Matters of debate

Is America’s growth strategy for Africa backfiring and helping China? When you favor one country’s imports, you can incentivize other nations to set up manufacturing there to capitalize on the arbitrage. The US’s African Growth and Opportunity Act has no rules-of-origin provisions, so the Chinese gamed it.

HSBC’s drug money settlement is an “insult to every ordinary person who’s ever had his life altered by a narcotics charge.” Rolling Stone’s Matt Taibbi, the journalist who called Goldman Sachs a “vampire squid,” strikes again.

India’s prized public-private partnerships are not as successful as they appear

Are we living in a time of accelerating technological advance? Or is it a time of depressing scientific stagnation?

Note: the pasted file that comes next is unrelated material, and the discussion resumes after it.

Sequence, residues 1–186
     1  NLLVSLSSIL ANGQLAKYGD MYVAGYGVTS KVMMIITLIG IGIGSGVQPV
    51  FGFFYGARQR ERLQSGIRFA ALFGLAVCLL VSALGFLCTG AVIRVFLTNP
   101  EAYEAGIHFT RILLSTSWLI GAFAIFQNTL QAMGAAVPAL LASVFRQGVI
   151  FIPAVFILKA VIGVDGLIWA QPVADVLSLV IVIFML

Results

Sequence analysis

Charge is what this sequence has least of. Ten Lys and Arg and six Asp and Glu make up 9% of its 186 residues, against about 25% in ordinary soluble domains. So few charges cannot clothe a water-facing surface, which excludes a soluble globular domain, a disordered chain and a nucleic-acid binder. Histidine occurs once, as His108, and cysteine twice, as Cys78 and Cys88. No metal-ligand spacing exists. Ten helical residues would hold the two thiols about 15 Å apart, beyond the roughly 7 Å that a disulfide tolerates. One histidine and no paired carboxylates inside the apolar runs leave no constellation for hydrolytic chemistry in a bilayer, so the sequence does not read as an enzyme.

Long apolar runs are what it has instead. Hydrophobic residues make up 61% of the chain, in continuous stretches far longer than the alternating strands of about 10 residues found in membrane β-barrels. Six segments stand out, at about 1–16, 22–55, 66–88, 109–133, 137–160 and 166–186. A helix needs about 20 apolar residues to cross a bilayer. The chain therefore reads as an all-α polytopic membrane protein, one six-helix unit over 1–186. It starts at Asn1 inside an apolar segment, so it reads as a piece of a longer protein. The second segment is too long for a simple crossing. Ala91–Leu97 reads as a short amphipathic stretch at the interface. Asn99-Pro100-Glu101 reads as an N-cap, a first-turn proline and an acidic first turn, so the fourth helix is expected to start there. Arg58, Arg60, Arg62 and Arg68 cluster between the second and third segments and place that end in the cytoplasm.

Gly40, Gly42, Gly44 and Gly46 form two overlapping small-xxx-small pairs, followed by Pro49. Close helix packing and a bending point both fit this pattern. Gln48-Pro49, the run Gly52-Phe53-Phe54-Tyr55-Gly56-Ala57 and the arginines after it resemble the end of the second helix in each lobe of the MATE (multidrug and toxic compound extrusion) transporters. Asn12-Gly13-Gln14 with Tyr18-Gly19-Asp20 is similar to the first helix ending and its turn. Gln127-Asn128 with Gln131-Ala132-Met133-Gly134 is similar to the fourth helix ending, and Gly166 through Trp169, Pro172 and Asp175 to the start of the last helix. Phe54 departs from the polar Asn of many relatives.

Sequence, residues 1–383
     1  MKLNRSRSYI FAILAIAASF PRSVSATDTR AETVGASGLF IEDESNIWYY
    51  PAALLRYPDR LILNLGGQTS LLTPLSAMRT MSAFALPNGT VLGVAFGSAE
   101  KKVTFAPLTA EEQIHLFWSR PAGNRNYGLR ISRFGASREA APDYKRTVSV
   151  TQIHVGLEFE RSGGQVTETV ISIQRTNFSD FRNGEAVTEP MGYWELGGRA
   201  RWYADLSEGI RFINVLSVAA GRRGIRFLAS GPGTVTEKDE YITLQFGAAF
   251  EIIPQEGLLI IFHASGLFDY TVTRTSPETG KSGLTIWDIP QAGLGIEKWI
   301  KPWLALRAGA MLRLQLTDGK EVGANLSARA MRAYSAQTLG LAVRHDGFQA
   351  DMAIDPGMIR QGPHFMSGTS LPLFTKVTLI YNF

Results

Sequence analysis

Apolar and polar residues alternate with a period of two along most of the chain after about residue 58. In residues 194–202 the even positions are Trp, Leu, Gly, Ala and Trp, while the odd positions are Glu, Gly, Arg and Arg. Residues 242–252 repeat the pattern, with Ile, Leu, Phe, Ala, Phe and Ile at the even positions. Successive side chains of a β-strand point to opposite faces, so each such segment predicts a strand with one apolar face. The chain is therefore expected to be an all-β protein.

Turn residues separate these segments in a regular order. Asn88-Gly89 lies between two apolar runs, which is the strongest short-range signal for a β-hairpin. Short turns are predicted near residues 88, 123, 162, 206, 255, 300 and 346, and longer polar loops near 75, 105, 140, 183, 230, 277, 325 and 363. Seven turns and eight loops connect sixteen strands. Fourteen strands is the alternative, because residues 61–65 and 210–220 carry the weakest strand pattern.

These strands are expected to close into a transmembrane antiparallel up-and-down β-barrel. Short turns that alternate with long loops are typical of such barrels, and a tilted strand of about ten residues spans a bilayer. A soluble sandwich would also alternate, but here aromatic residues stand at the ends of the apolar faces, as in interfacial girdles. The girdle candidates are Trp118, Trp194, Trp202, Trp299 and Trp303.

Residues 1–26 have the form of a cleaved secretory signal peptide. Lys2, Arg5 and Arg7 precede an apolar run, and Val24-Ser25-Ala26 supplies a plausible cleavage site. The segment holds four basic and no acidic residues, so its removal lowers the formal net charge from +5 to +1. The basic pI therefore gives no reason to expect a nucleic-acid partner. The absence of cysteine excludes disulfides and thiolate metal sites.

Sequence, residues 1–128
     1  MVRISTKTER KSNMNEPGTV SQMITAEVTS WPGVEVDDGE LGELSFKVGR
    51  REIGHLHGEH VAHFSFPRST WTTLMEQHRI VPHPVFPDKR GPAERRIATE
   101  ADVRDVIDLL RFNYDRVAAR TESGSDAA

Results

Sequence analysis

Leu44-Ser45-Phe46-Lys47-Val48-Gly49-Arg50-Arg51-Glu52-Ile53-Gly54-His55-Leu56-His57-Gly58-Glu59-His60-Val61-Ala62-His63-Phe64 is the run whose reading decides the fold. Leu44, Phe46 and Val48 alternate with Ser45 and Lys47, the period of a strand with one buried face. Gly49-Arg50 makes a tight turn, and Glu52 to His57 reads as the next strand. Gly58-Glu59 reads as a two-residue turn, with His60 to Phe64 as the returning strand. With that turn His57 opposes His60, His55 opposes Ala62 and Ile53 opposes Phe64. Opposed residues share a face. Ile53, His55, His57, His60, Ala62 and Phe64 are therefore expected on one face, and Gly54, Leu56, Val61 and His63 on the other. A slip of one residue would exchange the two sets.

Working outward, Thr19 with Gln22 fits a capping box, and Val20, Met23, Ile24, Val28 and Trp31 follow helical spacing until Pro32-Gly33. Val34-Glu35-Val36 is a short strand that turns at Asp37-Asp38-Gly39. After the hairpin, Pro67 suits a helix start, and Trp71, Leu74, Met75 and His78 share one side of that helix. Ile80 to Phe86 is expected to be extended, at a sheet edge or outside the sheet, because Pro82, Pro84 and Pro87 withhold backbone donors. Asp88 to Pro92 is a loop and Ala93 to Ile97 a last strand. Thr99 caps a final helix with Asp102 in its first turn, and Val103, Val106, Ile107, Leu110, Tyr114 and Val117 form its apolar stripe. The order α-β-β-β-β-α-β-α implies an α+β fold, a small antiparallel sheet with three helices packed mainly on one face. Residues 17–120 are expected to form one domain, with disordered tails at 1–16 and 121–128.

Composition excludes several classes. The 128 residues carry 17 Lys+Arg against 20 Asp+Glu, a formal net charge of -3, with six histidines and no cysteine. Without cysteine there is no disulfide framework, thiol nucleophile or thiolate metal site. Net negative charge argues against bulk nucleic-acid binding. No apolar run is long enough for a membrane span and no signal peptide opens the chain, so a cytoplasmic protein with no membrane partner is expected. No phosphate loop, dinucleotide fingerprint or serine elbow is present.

Chinese authorities are sensitive about public discussion of internal migrants. In Shanghai, Zhan Quanxi has been detained because his 15-year-old daughter Haiti griped on her Sina microblog account about their treatment since leaving Zhuhai, where she grew up.

Surprising discoveries

RBS’ Libor riggers cooked up their trading strategies in a pub called “Dirty Dicks”.  That is a 267-year-old public house in the City of London. Here is more on how they rigged the rate and why it happened.

Much of Europe, and eventually China, too, face aging populations. But that may not be a problem for economies of the nations involved as long as productivity remains at modern levels.

Neither China nor the US like depending on outsiders for energy. But the virtue of energy self-sufficiency may not withstand scrutiny.